Planning a vegetable garden this year? Consider cabbage.
Cabbage is often-overlooked gem in vegetable garden.
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Despite being on the breeders’ back burner, you can find green (aka white), blue-green, and red cabbages; smooth-leaf and savoy cabbages (which have seersuckerlike leaves); round, flattened, and pointy cabbages; and cabbages ranging from the size of soccer balls to as small as croquet balls.Skip to next paragraph
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There are varieties for truncated seasons, such as ‘Parel’, and cabbages like ‘Rio Grande’ for warm climates, where seeds most often are sown in the fall. Or choose cultivars such as ‘Reaction’ have resistance to fusarium wilt, a soil-based fungi that causes leaves to wilt and die.
If you’d like to try an heirloom cabbage, an old, open-pollinated cultivar developed more than 50 years ago, check out the online catalog of Heirloom Seeds, a family-run seed company in Pennsylvania. Among its offerings are the savoy ‘Drumhead (1797) and ‘Early Jersey Wakefield’, a conical-shaped variety introduced in 1840.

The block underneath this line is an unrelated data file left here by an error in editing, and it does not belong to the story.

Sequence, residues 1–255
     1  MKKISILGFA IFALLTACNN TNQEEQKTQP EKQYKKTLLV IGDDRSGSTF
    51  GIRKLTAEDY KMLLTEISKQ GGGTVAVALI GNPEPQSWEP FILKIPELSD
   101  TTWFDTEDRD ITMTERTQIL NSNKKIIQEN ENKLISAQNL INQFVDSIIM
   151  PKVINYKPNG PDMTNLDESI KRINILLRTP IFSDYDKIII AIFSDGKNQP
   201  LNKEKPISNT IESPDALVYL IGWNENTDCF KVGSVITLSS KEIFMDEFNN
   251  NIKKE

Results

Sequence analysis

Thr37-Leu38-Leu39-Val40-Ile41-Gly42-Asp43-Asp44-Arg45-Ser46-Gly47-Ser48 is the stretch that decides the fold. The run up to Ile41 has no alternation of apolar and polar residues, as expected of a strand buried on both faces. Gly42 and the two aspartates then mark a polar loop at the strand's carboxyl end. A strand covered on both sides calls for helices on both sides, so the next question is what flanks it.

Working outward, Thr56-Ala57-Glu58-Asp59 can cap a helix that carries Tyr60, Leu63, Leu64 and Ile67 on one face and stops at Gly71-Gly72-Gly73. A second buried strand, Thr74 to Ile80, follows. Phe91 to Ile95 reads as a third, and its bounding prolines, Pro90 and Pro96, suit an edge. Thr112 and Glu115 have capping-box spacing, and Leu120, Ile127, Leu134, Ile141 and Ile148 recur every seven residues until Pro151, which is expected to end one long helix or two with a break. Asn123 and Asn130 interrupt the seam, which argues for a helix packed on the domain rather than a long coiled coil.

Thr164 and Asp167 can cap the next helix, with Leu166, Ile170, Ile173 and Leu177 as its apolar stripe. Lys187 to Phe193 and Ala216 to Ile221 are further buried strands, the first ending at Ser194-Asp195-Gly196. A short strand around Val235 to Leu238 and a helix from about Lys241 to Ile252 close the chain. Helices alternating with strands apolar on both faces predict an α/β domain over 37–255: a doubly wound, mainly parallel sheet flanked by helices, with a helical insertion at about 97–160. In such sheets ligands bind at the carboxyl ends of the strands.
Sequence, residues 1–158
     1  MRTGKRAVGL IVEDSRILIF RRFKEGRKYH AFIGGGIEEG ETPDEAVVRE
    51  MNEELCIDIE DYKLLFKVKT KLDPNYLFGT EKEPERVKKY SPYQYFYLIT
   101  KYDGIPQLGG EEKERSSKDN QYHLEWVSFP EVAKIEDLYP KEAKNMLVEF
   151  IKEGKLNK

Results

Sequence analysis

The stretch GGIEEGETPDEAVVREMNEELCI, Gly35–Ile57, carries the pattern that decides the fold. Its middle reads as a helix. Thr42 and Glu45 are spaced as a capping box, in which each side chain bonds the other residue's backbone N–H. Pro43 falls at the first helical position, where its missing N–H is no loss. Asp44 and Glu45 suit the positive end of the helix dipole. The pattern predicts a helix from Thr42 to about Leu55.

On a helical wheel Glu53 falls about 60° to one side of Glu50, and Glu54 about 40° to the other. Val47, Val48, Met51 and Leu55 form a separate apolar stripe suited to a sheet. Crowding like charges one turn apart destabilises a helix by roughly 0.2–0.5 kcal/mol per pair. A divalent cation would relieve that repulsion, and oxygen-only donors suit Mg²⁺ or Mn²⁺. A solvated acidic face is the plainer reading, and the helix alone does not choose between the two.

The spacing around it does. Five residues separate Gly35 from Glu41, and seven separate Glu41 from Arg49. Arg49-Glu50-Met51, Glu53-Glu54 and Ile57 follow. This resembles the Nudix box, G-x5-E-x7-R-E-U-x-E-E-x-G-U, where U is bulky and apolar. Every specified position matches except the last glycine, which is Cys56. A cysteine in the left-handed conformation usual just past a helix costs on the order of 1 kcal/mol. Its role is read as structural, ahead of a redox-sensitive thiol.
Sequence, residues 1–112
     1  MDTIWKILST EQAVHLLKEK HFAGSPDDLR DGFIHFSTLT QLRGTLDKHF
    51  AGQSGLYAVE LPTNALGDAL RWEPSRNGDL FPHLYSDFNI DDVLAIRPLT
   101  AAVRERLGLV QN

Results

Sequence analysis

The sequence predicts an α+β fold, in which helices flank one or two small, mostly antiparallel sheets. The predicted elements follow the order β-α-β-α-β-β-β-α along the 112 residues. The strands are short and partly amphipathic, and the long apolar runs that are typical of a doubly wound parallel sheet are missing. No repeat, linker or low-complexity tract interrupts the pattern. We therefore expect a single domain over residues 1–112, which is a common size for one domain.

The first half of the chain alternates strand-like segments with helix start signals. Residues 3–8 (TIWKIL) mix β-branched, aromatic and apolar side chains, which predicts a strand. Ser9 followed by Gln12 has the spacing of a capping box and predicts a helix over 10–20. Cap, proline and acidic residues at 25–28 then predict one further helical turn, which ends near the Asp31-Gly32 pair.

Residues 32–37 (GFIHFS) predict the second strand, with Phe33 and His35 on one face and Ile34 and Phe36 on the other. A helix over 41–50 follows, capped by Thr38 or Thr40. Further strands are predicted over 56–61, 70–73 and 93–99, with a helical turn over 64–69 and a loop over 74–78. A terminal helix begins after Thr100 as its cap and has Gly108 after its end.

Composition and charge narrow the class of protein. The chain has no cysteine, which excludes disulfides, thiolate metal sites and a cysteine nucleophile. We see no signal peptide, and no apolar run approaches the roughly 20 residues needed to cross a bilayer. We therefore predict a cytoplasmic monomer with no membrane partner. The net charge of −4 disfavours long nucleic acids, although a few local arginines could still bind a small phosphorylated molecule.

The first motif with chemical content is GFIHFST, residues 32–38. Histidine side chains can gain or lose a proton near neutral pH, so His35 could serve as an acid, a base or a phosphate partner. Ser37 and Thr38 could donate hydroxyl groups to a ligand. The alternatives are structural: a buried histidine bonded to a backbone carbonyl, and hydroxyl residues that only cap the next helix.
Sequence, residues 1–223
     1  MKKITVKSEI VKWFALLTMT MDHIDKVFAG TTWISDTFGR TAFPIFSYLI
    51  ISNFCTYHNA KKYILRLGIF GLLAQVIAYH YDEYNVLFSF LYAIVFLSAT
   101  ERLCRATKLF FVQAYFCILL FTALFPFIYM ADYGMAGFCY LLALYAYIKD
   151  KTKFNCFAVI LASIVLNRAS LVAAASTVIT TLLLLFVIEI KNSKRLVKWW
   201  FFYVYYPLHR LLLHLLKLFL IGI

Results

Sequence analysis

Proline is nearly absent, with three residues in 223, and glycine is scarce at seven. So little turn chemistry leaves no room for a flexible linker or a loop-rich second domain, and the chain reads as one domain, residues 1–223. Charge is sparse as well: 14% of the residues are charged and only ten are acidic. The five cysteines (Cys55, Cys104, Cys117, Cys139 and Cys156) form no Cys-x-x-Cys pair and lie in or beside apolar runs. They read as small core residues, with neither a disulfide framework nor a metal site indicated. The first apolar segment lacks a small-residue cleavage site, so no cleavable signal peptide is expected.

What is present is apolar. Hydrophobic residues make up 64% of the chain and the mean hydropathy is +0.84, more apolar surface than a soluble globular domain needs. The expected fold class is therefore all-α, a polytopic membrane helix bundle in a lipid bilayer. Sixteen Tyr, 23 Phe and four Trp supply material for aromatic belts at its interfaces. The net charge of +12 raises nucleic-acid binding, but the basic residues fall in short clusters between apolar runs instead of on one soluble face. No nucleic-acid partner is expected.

Most of New England offers just the conditions cabbages like — cool summers and even moisture. Short- and midseason cultivars, which are ready to cut in fewer than 85 days, tend to have a milder flavor than late-season cabbages, which take more than 85 days to mature. Days-to-maturity with cabbages, don’t forget, are from transplanting, not from sowing seeds.
Karan Davis Cutler is one of eight garden writers blogging at Diggin' It. She's a former magazine editor and newspaper columnist, is the author of scores of garden articles and more than a dozen books, including “Burpee - The Complete Flower Gardener” and “Herb Gardening for Dummies.” She now struggles to garden in the unyieldingly dense clay of Addison County, Vt., on the shore of Lake Champlain, where she is working on a book about gardening to attract birds and other wildlife. She blogs regularly for Diggin’ It.
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